Self-actualizing where ego development finally feels good?

Jack J. Bauer, Joseph R. Schwab, Dan P. McAdams

Research output: Contribution to journalArticlepeer-review

18 Scopus citations


This article addresses a paradox surrounding psychosocial maturity and self-actualizing in relation to well-being. Several stage theories of maturity (notably ego development; Loevinger, 1976) culminate in self-actualizing, which Maslow (1968) characterizes as the pinnacle of psychological health and well-being. However, empirical measures of maturity and well-being do not correlate. In a reanalysis of three datasets, we find preliminary support for the notion that people scoring at the highest stage of Loevinger's ego development might have higher levels of well-being and narrate a more growth-focused self-identity than people scoring at all other stages. Drawing on Erikson's (1959= 1994) claim that the acceptance of life's complexities underlies ego integrity, we attempt to provide a theoretical explanation for how well-being might emerge normatively at the highest stage of psychosocial maturity.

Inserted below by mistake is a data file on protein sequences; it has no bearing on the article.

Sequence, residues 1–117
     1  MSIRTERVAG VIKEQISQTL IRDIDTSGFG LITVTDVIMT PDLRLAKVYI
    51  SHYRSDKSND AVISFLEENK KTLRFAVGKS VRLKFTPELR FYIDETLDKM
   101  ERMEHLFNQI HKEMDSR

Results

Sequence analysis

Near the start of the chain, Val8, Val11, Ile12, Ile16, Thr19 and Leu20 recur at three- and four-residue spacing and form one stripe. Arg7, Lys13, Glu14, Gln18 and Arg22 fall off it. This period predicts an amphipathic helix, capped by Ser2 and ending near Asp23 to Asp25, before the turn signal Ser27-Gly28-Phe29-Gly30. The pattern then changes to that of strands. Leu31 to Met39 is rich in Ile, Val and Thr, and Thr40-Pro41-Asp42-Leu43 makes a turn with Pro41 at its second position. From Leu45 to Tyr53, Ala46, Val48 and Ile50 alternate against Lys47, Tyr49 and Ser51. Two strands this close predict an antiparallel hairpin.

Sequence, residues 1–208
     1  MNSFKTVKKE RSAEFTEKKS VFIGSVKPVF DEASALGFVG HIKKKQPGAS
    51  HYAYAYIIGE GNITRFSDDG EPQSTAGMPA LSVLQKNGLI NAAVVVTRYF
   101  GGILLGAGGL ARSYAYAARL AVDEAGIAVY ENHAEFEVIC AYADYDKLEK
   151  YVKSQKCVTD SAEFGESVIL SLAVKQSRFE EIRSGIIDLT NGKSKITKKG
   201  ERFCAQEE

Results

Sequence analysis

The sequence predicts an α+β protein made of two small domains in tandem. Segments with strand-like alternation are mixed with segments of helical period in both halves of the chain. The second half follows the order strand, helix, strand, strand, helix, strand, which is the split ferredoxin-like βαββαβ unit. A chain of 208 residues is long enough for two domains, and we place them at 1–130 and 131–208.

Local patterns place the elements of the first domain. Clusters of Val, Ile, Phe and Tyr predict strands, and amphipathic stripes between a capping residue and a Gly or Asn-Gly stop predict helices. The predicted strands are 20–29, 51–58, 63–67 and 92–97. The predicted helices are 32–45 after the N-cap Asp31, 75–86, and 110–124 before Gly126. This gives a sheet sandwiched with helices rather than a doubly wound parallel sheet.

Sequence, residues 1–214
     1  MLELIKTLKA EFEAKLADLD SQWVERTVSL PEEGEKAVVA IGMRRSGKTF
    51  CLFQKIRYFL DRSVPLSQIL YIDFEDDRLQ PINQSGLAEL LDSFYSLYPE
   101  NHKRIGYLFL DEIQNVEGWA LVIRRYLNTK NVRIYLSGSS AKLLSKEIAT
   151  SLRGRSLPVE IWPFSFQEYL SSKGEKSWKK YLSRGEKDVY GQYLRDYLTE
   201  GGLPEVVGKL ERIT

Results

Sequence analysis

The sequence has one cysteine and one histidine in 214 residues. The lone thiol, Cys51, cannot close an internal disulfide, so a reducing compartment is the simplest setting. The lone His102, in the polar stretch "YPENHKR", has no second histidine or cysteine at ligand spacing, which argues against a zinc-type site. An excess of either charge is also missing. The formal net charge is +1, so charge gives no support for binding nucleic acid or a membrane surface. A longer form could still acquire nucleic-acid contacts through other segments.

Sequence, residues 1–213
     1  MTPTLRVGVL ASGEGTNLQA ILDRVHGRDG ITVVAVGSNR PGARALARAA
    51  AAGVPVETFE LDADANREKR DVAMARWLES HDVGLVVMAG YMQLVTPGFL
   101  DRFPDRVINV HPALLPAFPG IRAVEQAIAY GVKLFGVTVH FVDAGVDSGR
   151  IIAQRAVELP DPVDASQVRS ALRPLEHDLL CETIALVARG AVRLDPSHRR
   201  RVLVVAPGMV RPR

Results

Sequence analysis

Original languageEnglish (US)
Pages (from-to)121-136
Number of pages16
JournalHumanistic Psychologist
Issue number2
StatePublished - Apr 2011

ASJC Scopus subject areas

  • Social Psychology
  • Applied Psychology


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